This hashed credential can be relayed to a server that has granted the site system server computer account elevated permissions. In this example, the credentials are being relayed using ntlmrelayx to a server that has granted the computer account local administrator rights.
A successful connection gives the attacker an administrative SMB shell on the target machine. This demonstration shows how an adversary could exploit this vulnerability, along with a few common misconfigurations, to elevate from a regular user to a server local administrator.
All Client Push Accounts
The second method of bypassing the NTLM fallback option lives within how devices are added to SCCM. SCCM allows for devices to be imported manually to the environment. When doing this, a computer name and MAC address must be specified but neither field is validated. This can be exploited by simply using a device IP address as the computer name.
When the SCCM server communicates with this device it uses direct IP communication. In this instance, Kerberos authentication is impossible without a resolvable principal name corresponding to an AD object. That means this communication must use NTLM authentication. With Kerberos unavailable and NTLM fallback disabled, communication with this IP should be impossible. However, NTLM authentication is still allowed, and this is the main vulnerability associated with CVE-2022-37972.
In Part 1 of this series the theory vs. reality of how client push accounts authenticate is discussed. It was demonstrated that by removing all local administrative rights on a device, SCCM would attempt to authenticate all configured push accounts. Combining these techniques makes it possible to force all configured client push accounts to attempt authentication using NTLM.
This vulnerability is easily exploited using SharpSCCM, a tool developed by Chris Thompson. SharpSCCM uses the Configuration Manager Client Messaging SDK to request a new device registration. This device registration is like the device import defined above, except it can be performed by any regular user account on any domain joined machine. The tool then sends a data discovery record message that adds the newly created SCCM device to the server queue for client installation. In effect, any compromised endpoint (including a computer joined to the domain by an attacker) could be used to execute code and capture the hashes for all configured client push accounts.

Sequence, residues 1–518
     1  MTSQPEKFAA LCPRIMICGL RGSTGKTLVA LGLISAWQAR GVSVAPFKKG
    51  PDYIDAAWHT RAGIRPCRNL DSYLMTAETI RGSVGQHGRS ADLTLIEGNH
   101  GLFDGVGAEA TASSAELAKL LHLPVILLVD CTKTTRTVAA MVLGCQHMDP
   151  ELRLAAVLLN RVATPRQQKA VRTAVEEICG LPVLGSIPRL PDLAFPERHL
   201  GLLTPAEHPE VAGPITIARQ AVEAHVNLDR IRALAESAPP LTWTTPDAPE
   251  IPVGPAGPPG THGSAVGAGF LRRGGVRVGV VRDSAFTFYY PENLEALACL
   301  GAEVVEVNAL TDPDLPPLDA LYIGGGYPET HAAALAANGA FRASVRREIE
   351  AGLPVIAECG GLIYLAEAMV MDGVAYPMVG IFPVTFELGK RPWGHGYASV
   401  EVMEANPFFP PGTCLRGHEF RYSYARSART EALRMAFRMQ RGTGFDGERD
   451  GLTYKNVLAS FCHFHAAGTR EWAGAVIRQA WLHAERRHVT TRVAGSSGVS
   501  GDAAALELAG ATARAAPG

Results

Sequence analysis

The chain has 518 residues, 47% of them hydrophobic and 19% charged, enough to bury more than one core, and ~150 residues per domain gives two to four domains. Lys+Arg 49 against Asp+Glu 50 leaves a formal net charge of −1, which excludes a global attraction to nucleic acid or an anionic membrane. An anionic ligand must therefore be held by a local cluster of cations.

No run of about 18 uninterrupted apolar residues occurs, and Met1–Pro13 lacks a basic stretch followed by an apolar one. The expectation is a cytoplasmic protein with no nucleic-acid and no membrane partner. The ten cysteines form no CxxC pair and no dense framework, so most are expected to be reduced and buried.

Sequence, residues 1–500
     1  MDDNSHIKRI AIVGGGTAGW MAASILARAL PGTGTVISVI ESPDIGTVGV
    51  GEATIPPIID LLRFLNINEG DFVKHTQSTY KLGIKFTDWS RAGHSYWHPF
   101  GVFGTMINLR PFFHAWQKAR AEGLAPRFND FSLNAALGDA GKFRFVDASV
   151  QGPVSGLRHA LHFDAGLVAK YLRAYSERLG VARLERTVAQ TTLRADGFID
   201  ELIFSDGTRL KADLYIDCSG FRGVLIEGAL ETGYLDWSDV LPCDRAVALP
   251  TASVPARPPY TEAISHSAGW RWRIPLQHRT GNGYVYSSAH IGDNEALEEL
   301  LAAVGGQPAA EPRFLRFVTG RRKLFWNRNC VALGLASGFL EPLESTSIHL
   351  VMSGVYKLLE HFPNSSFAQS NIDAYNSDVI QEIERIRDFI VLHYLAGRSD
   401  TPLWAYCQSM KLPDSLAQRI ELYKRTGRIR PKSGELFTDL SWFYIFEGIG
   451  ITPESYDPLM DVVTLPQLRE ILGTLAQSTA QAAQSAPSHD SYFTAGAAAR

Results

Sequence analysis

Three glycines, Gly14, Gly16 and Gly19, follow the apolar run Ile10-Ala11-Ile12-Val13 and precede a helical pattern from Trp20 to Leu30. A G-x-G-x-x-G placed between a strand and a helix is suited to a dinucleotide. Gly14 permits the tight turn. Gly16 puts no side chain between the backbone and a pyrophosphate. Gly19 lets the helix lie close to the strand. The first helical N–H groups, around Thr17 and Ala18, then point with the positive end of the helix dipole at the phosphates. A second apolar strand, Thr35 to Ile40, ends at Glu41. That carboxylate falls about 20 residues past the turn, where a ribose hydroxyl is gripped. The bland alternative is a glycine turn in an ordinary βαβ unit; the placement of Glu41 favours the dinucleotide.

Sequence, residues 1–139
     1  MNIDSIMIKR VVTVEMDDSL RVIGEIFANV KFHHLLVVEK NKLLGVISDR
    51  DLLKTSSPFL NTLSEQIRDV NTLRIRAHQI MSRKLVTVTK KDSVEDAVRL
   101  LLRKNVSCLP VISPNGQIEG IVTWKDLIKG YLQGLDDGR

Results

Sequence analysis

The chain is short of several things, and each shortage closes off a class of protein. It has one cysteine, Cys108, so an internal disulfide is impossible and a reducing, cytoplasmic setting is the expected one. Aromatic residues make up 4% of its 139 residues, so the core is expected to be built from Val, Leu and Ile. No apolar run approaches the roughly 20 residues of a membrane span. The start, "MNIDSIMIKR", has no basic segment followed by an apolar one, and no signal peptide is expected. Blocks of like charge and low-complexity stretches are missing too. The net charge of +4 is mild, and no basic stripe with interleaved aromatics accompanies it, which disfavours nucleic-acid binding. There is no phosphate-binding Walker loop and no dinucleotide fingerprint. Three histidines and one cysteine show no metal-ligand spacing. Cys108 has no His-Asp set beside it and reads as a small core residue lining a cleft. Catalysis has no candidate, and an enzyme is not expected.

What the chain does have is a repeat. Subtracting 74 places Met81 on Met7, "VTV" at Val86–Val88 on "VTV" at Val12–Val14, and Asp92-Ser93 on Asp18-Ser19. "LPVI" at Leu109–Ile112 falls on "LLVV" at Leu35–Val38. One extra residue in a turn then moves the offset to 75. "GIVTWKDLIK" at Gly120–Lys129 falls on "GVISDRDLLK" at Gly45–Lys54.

These hashes can now be taken offline and cracked or used in an NTLM relay attack like the one outlined earlier. Chris provides a more in-depth explanation and demonstration of SharpSCCM in his blog post.
KB15498768 patched the original vulnerability but has since been superseded by KB15599094. This hotfix is available in the Configuration Manager console under “Updates and Servicing” for environments running versions 2103 and beyond. Anyone running a previous version is urged to upgrade to a currently supported version.
Prajwal Desai provides instructions that may help with the patching process. In addition to patching, the “Allow connection fallback to NTLM” option needs to be disabled. Environments that allow NTLM fallback or remain unpatched will continue to be vulnerable to the attacks outlined here.
Administrators should disable automatic client push installation and migrate to an alternative client installation method to eliminate the risks associated with client push. Trimarc recommends using software update point-based installation, group policy installation, or manual installation instead of client push.
Part 1 of this series also provides several best practices to help harden SCCM and Active Directory in general. In addition to these mitigations, Trimarc recommends restricting the ability to add workstations to the domain and enabling SMB signing to prevent NTLM relay attacks. These recommendations and more are described in detail in our whitepaper and webcast.